• Gabart On Pace To Crush Record!



    CHART


    With less than 800 nautical miles to sail to the finish of the 2018 Route du Rhum-Destination Guadeloupe solo transatlantic race – from Saint Malo in Brittany to Pointe-à-Pitre in Guadeloupe - the French sailor François Gabart is on course not only to win the ULTIME class but to smash the outright race record.

    After just six days at sea Gabart, at the helm of the maxi-trimaran MACIF, is now within a day-and-a-half of finishing the 3,542-nautical mile race and estimates published by the race director’s office suggest he could break the existing seven-day, 15-hour record by as much as 19 hours.

    Gabart is a sailing superstar in France – he has many victories to his name in single and double-handed ocean racing and has won the Vendée Globe solo round-the-world race and also set a new non-stop solo round-the-world record.




    But the diminutive 35-year-old from La Forêt-Fouesnant in Brittany wants this win in the ULTIME class to follow his victory in this race four years ago in the IMOCA division. He knows that his fellow Frenchman Francis Joyon on IDEC Sport has been on his tail all the way across the Atlantic and that – at around 120 miles behind – Joyon is ready to pounce on any mistake.
    “Francis never lets go, but that is normal and, if it were me, I’d be the same,” said Gabart today, as his boat continued heading west in the northeasterly trade winds. “Until the finish line is broken the game is open. You need to give it your all to the end.

    “I will do everything to stay in first,” he continued. “This lead in these boats that do 30 knots of speed is nothing. And having Francis on my tail is pushing me hard but I am still managing the risk, all the time. I could gain a few knots here and there if I took more risk, but I am pushing as hard as I can – there is no more on the gas pedal.”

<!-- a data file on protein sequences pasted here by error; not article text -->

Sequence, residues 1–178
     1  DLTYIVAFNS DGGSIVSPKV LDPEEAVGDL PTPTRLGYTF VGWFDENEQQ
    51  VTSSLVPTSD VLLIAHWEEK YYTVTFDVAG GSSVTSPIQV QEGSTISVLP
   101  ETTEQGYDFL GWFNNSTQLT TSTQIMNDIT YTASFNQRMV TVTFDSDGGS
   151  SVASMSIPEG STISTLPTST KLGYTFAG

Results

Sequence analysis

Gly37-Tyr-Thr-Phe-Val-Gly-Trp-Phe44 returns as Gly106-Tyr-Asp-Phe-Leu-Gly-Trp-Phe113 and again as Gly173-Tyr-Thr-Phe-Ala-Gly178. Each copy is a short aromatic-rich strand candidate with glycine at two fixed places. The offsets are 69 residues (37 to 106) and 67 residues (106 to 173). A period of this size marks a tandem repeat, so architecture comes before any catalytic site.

This race is being contested in six classes and while Gabart heads serenely on, hundreds of miles behind him there are intriguing battles going on in the smaller boats in the 123-strong field.

    In the Multi50 class the early race leader Thibaut Vauchel-Camus (Solidaires En Peloton-Arsep) has now made a very quick and efficient pit-stop in the Azores where his shore team fixed his broken mast-track and mainsail.

    He has now rejoined the race in second place behind the new leader, Armel Tripon in Réauté Chocolat who is nearly 200 miles ahead and a whopping 600 miles further south than Vauchel-Camus.

    A nice sporting touch was that when Vauchel-Camus stopped in the Azores, the shore team of his other main rival in the class – Erwan Le Roux (FenêtréA-Mix Buffet) who made a pit-stop after him – helped the Solidaires team to dock his boat.

    n the IMOCA monohull class the leading group is south and west of the Canary Islands and well into the trade winds with Alex Thomson now comfortably ahead on Hugo Boss, from Paul Meilhat on SMA and Vincent Riou on PRB.

    Meilhat is sailing a 2011-vintage boat with a distinguished history but it does not have foils and is equipped with daggerboards. By rights the 36-year-old Frenchman should be further back in this fleet but he has held position against Thomson all the way through the bad weather in the opening stages and kept pace with Riou.